Virginia Becomes Second State to Pass Consumer Data Privacy Law

Dani Alexis Ryskamp, J.D.

Written by
— Updated on April 5, 2021

Virginia Becomes Second State to Pass Consumer Data Privacy Law

Virginia recently became the second state in the U.S. to pass a comprehensive data privacy law, following the lead of California’s Consumer Privacy Act of 2018 (CCPA). The Virginia Consumer Data Protection Act (CDPA) passed both houses of Virginia’s state legislature on February 5, 2021, and was signed into law by Governor Ralph Northam on March 2, 2021. Virginia’s CDPA will take effect January 1, 2023, the same day as California’s expanded version of its privacy law.

Key Definitions in the CDPA

Virginia’s CDPA covers “persons” that do business in Virginia or produce products or services offered to Virginia residents and that “control or process” personal data. To be affected by the CDPA, such an entity must “control or process” either:

  • The personal data of at least 100,000 Virginia residents
  • The personal data of at least 25,000 Virginia residents for an entity that derives over half its gross revenue from the sale of personal data

Several organizations are exempt from the law. These include regulated financial services, health care, human research, consumer credit reporting services, and organizations that managed educational and employment data. Not-for-profit organizations and institutions of higher education are fully exempted as well.

The protected data belongs to “consumers,” a definition that does not include individuals acting in a commercial or employment context. Further, the legislation defines “personal data” broadly, including within its scope all information that is “linked or reasonably linkable to an identified or identifiable natural person.” If information is publicly available, it is not considered “personal data” for the purposes of the CDPA. Likewise, de-identified data is not considered “personal data,” because it cannot be linked to any one person or device that person owns or uses. However, de-identified data must be handled according to certain safeguards in order to prevent it from becoming re-identifiable.

CDPA also covers biometric data, which it defines similarly to the biometric privacy law enacted in Washington. Both definitions, for example, exclude photos, video, and audio recordings from their definitions of biometric data. Entities processing sensitive data must seek consent from consumers for that processing. Under the CDPA, any entity that complies with the Children’s Online Privacy Protection Rule (COPPA) in seeking verifiable parental consent will be considered compliant under CDPA when handling information regarding children under age 13.

Consumer Rights Under the CDPA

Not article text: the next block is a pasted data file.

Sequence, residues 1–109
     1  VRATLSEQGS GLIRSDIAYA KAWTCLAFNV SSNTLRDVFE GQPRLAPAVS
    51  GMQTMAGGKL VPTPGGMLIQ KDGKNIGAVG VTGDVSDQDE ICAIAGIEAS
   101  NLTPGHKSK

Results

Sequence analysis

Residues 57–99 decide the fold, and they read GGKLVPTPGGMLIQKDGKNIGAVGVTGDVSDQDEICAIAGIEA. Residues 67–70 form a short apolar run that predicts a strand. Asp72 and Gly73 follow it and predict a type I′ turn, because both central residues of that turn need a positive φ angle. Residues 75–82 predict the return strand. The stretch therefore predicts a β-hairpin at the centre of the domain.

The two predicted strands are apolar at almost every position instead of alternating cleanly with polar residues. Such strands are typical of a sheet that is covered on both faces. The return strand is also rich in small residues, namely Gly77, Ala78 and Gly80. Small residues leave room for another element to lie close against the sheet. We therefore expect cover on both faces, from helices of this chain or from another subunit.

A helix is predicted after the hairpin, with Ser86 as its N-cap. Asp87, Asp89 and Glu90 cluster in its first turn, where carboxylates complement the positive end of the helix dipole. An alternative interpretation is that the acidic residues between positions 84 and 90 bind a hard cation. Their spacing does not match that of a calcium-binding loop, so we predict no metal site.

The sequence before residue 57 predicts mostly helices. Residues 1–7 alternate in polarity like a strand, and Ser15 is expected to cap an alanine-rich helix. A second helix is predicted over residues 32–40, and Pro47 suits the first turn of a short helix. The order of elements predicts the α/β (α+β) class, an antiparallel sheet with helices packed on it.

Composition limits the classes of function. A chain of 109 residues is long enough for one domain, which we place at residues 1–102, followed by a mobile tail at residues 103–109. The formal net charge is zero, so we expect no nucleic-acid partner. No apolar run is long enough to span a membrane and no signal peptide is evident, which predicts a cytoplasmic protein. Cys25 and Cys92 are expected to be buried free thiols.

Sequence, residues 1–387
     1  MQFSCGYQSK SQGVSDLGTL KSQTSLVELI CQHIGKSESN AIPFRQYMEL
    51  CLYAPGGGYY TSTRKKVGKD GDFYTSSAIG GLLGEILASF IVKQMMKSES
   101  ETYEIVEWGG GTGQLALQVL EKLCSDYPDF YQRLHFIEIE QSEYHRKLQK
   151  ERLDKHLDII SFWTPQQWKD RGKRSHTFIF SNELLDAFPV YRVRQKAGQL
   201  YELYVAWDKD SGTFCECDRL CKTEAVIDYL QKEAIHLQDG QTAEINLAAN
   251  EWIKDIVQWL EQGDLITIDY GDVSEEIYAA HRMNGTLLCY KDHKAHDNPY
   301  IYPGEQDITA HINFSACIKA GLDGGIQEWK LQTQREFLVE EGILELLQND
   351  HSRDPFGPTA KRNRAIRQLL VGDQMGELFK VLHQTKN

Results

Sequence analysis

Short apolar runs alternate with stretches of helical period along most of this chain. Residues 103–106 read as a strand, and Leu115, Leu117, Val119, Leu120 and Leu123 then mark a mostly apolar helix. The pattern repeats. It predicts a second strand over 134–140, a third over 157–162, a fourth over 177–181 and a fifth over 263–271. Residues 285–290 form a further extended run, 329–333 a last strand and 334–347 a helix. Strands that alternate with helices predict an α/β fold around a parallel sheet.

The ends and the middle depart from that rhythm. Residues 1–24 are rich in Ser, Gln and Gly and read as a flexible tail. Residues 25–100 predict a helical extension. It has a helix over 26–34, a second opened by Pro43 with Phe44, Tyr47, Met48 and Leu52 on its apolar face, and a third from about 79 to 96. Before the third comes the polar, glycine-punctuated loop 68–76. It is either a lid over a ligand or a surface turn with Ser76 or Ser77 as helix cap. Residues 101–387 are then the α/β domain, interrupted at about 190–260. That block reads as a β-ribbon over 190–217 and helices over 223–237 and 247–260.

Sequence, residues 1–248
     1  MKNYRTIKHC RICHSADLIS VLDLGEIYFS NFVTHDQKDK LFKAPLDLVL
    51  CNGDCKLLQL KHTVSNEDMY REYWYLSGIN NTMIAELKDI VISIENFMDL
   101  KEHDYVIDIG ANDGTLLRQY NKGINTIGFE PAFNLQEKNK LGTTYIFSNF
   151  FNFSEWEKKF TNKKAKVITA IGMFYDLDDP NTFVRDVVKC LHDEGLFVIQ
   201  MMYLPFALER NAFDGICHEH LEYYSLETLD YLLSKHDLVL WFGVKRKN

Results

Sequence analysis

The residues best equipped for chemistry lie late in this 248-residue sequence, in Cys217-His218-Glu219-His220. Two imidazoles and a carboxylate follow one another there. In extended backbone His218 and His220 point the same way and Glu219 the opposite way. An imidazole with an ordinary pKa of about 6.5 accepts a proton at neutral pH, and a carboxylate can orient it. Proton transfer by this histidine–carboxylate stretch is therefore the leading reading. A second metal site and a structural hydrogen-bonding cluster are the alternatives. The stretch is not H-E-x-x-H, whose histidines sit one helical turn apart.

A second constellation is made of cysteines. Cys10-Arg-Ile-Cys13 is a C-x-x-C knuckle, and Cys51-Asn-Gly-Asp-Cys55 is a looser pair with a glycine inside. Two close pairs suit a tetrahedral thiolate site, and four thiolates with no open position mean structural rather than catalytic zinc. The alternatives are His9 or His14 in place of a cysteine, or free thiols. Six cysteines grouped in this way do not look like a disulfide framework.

Consumers gain several listed rights under the new Virginia law. Among these new rights is the right of access, correction, deletion, and portability of their own information. They also have the chance to opt-out of targeted advertising, the sale of their data, and “profiling in furtherance of decisions that produce significant effects.” Covered entities are not, however, required to allow customers to opt-out of data use that is “solely for measuring or reporting advertising performance, reach, or frequency.”

CDPA gives covered entities 45 days to respond to consumer rights requests. An entity may be granted a 45-day extension “when reasonably necessary.” It also names several instances in which an entity may not be required to comply with such a request, such as when compliance would be “unreasonably burdensome.”

What Businesses Can Expect from the CDPA

The CDPA offers broader carve-outs for the entities it addresses than does California’s CCPA. For example, businesses that are already covered by one or more existing privacy acts may find they do not need to respond to the demands of the CDPA as well. It exempts data that is already regulated by certain listed federal laws, including HIPAA, GLBA, FCRA, FERPA, and COPPA.

Where the Virginia and California laws share similarities is in their use of threshold requirements to determine which businesses are covered by the respective acts. California’s bill, however, contains a standalone revenue threshold, automatically covering any business with $25 million or more in annual gross revenue. Virginia’s legislation contains no such threshold; it applies solely to those that handle personal data under the terms stated in the bill. As such, it is likely to apply to fewer organizations than the California law does.

Finally, Virginia’s CDPA defines “consumer” more narrowly than the CCPA or the revised and expanded version: the California Privacy Rights Act (CPRA). CDPA excludes people acting in a commercial or employment context. Again, this narrow definition means that the law will likely not affect as many businesses as California’s law will.

Consumer data privacy has been a topic of contention for several years, brought into the spotlight by legislation like the European Union’s GPDR. As additional states address consumer data privacy in their own ways, the patchwork of legal requirements for businesses engaged in interstate or international commerce will likely grow more complex.

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